Earlier this year, I had a traumatic drive home from my then-workplace. There was flash flooding. I was nearly caught in it not once, but twice. It’s a long story and one I haven’t really recounted as it was fucking terrifying. I wrote it out as a personal healing exercise but I don’t feel like publishing the nitty gritty.
But, with summer here and “If it’s flooded, forget it” all over the media, I feel like I need to talk about this.
You can’t always avoid flash flooding.
Where If It’s Flooded, Forget It Fails
In fact, I was on a road I knew well, stuck in very heavy traffic. It took me over an hour to get 450m. (I measured it on Google maps after.)
What I didn’t know at the time was that the suburb I was in was practically an island. Most roads were cut off by floodwater. Hence the traffic at a literal standstill. The worst of the floodwater was quite a few k’s away, but the backlog was what I was caught in.
I made it off the side road and onto the main road. Progress! About 40 minutes to get 200m.
Only things got worse. I was in the middle lane of three. I could see there was a lot of water in the left hand lane where the road dips just a bit for you to get into driveways for businesses. I looked over and it was deep enough over the gutter, but cars were pulling in & out of businesses safely as it was only the gutter flooded. After a fairly short period of time I noticed more people merging into the middle lane where I was, and that only vehicles with high clearance were getting through the left lane. At this point I started to panic a little and keep a very close eye on the lane. It was rising fast. Soon not even high clearance cars were going through it. I was worried it was about to reach my lane.
Seeing as the traffic wasn’t moving at all, I made the decision to do a u-turn at the next lights and return to a shopping centre. It had rooftop parking so I was expecting to sleep in my car up there that night, but at least it was on the roof so it shouldn’t flood. I moved across a lane, so I was in the lane in the middle of the road. One step closer to the right hand turn lane so I could do that u turn and escape. I was only a short distance from the lights but due to traffic not moving, it took me another 15-20 minutes to get to the lights. In that time the water was coming up to the middle lane. My heart was beating so fast this entire time. If it kept coming up, where should I go? What do I do?
I made it to the right hand turn lane when the next hazard presented itself. I had been paying such close attention to the side of the road I was on that it didn’t occur to me that the other side was also flooding. Yep, the same 1-2 lanes on the outside were flooding. Crap. I was about to do a u turn into flash flooding. When I finally made it to the front of the lights I knew what I had to do – a sort of a 3 point turn in the intersection so that I didn’t have to drive into the flash flooding to get turn around and on my way to high ground and safety. It was scary as hell. I went as far as I could in a usual u turn shape without driving into flood waters, then reversed (the intersection was empty) and drove into the driest lane. From there I easily and safely made it to the high ground. (And that wasn’t even the worst part of my night.)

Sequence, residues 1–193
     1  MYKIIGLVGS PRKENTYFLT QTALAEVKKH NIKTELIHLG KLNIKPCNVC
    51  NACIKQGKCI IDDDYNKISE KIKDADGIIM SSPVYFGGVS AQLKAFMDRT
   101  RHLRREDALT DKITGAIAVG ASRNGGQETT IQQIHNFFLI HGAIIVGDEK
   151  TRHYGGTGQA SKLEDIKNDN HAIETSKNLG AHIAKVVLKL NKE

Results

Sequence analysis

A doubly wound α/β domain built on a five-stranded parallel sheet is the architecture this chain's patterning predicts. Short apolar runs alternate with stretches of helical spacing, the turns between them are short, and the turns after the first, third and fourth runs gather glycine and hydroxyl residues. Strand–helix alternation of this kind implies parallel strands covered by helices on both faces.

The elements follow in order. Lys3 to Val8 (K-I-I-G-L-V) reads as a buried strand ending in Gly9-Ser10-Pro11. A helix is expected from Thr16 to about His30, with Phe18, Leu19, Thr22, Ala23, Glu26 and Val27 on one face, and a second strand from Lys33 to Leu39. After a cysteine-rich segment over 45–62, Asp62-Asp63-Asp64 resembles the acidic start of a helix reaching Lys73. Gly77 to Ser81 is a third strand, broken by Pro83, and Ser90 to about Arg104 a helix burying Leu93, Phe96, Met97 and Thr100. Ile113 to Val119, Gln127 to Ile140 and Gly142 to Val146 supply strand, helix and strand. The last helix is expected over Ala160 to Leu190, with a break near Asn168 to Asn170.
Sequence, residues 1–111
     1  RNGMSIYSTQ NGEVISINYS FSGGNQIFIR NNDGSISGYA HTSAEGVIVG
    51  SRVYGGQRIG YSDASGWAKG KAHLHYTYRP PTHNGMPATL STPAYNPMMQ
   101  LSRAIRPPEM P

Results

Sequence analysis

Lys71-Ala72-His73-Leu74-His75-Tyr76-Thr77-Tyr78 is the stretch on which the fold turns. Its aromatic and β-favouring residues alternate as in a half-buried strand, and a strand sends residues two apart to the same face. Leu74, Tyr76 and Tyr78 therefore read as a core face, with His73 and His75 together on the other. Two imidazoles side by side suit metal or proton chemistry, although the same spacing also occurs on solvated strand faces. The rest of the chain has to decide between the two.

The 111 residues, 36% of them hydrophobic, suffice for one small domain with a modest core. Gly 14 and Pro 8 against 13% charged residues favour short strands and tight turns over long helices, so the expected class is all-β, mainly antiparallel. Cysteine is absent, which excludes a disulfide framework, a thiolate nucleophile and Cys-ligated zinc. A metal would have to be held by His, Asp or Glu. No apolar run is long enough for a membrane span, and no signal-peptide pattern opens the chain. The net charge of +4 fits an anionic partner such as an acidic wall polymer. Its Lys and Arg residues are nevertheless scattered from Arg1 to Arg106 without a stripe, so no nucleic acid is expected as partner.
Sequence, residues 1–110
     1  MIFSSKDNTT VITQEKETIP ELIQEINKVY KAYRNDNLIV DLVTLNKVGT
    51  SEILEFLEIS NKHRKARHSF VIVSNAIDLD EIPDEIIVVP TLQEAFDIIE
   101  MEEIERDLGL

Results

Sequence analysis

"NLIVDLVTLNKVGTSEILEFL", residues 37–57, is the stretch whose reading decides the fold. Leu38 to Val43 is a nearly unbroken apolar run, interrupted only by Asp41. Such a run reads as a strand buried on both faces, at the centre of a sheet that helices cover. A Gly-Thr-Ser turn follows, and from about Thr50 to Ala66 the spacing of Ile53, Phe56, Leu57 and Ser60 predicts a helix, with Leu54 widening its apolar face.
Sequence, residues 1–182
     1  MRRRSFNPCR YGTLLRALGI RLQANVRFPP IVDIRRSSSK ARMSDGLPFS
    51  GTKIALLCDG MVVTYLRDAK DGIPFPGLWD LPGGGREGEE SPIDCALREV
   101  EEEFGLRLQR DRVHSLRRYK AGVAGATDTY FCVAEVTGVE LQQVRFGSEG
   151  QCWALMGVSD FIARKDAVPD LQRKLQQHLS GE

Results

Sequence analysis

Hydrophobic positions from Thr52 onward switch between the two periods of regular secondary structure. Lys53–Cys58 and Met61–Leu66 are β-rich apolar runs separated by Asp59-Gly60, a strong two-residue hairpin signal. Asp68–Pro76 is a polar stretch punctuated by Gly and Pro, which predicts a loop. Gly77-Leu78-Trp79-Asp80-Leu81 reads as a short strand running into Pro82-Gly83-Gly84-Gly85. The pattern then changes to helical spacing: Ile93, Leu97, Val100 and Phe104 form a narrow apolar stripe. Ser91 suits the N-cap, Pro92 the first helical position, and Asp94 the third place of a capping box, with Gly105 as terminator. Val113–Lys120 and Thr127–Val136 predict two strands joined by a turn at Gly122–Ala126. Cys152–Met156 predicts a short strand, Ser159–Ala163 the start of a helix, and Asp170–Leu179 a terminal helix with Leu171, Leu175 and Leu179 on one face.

This post is not here to denigrate the “If it’s flooded, forget it” message. I think it’s valid and worth promoting every summer. This year, I like that they’ve taken it further with “it doesn’t matter what car you drive” (hint hint people with 4WDs or people who think SUVs are the same as a big proper 4WD). But what I worry about are the gaps in the campaign. Like most public health or safety messages, they keep it simple and plan for it to reach a lot of people.
But they don’t think about the gaps.
In the same rain event I was caught in, a few other people died. I’m not clear on the exact circumstances – aka I don’t know if they were caught in flash flooding or drove into flood water deliberately and it ended with their death. I’m not a coroner or a road safety expert so it’s not my place to judge or guess.
But lots of people do think it’s their place to judge and guess. I saw far too many comments on social media that were basically victim blaming. Here’s the thing: this was a once in a…well they don’t know. The storm was described as unprecedented. It was massive. My understanding is that the quantity of rainfall in the hour or two leading up to it had not been recorded before. Areas that had never flooded before did flood. Or areas that usually flooded in only a minor way flooded majorly.
This summer, I hope that no one is impacted by floods. But, you know, it’s likely. If you hear stories of people trapped in cars or washed away, please don’t judge. You can be sitting on a road and a freak event causes flash flooding. Roads can be so jammed you can’t get out. This is where the “if it’s flooded, forget it” message fails.